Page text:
On Sunday morning, the spacecraft took care of the space station and then made a “soft capture” – meaning the crew made the first physical contact with the docking port on the Dragon International Space Station. The Crew Dragon then made a “hard capture” that used 12 latches to create an air-lock seal between Behenken and Harley’s crew cabin and their entrance to the space station, and connected the Crew Dragon’s power supply to the ISS.
Benken and Harley laughed from the capsule, around 11:15 p.m. They were welcomed by NASA astronauts Christopher Cassidy and Russian astronauts Anatoly Ivanishin and Ivan Wagner, who were already sitting in the orbit.
The station was called by NASA Administrator Jim Brydenstein from the space agency’s mission control center in Houston, Texas.
Brydenstein said, “We are proud of what we have done for our country and for inspiring the world in reality.
When asked about their 19-hour journey to the space station, Hurley said he couldn’t be happier about SpaceX’s crew dragon performance.
The astronauts were able to sleep a few hours, share food and use the on-board toilet during the journey. “The Dragon was a clever car and we had very good air flow, so we had a great, great evening,” Hurley said.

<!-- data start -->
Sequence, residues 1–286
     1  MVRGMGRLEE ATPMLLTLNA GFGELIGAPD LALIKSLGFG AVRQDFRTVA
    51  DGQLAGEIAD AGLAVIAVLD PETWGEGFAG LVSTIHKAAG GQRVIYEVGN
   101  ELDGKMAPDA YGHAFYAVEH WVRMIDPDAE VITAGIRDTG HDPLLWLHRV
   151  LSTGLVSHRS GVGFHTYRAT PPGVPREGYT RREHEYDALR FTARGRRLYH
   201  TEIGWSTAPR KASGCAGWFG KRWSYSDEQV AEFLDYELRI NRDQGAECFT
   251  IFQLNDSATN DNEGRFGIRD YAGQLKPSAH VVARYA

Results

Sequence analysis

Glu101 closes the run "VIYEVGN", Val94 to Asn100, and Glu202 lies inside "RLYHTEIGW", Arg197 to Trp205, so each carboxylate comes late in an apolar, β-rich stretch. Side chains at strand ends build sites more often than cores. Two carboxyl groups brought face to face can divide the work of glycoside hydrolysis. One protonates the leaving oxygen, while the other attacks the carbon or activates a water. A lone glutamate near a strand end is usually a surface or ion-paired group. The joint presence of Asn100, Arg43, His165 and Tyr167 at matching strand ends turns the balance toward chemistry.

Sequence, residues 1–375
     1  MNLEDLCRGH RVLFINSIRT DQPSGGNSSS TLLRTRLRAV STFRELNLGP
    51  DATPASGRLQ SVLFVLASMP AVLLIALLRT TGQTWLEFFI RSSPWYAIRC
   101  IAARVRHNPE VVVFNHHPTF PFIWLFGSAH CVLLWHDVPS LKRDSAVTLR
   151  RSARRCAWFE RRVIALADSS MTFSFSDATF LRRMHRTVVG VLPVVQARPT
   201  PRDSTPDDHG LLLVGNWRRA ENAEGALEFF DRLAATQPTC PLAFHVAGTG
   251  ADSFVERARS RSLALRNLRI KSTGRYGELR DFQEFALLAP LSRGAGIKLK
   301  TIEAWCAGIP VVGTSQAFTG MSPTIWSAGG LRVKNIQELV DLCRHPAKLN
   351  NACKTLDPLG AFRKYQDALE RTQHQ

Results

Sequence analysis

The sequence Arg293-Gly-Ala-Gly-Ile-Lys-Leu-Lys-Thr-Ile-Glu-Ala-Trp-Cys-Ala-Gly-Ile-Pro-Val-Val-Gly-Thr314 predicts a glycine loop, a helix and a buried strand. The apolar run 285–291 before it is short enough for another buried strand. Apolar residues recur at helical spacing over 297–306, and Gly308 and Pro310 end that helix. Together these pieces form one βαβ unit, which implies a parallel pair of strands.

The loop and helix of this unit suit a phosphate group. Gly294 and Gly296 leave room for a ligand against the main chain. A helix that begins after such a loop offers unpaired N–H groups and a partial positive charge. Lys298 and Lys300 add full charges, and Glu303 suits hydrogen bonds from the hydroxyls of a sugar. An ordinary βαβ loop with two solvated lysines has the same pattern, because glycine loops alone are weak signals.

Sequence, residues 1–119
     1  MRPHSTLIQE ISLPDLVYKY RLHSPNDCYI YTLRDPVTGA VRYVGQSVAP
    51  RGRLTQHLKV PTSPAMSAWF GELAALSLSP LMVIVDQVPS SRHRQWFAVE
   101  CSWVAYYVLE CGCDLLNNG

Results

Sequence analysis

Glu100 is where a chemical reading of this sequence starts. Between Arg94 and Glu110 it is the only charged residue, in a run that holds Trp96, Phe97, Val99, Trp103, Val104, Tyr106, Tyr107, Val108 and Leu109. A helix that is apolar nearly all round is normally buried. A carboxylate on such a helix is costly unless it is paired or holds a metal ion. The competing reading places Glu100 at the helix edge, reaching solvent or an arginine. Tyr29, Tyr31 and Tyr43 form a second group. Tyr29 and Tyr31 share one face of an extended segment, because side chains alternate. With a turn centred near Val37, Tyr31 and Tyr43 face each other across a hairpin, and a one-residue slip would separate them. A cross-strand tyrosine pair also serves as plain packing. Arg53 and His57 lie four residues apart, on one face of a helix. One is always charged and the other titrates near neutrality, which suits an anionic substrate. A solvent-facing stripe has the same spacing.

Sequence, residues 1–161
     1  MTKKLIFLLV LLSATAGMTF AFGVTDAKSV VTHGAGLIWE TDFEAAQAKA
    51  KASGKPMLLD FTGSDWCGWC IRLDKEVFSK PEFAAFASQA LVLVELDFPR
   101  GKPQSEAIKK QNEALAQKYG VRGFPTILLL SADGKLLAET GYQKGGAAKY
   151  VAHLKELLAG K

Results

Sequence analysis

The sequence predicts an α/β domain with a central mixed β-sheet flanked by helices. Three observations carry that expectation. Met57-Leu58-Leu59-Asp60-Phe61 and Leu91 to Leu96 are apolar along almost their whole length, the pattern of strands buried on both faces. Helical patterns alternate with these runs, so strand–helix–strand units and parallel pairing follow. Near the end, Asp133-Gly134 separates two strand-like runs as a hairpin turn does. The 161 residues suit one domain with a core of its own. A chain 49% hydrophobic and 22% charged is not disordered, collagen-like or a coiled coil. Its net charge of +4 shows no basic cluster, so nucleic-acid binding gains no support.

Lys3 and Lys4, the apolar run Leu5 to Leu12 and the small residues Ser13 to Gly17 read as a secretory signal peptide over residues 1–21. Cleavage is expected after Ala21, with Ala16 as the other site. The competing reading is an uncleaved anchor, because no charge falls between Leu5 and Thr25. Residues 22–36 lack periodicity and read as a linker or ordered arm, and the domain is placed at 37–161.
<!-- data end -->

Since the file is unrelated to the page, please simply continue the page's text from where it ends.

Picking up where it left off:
The Crew Dragon has a name: Endeavor
Astronauts Robert Behnken and Douglas Hurley gave their crew a tour of the Dragon spacecraft using cameras as the car was heading to the International Space Station on Saturday evening.
Special Cargo: A shiny dinosaur
During their update from orbit on Saturday, the astronauts shared what happened: they both have little boys, who are huge fans of dinosaurs, and the astronauts who allowed their kids to vote will be given a toy in the game.
The selection was blue and pink, sequin-studded apatosaurus.
What does this milestone mean?
Crew Dragon and the astronauts have now made it through two major milestones – launch and docking – without facing any major problems. This is a huge victory for SpaceX, which has been working on the project since its inception in 2002.
It is a matter of celebration for NASA, which made the controversial decision to ask the private sector to design vehicles for transport to the ISS after retiring from the space shuttle program in 2011. NASA has long partnered with the private sector, but never before. The design, development and testing of a human-rated spacecraft is handed over to a commercial company.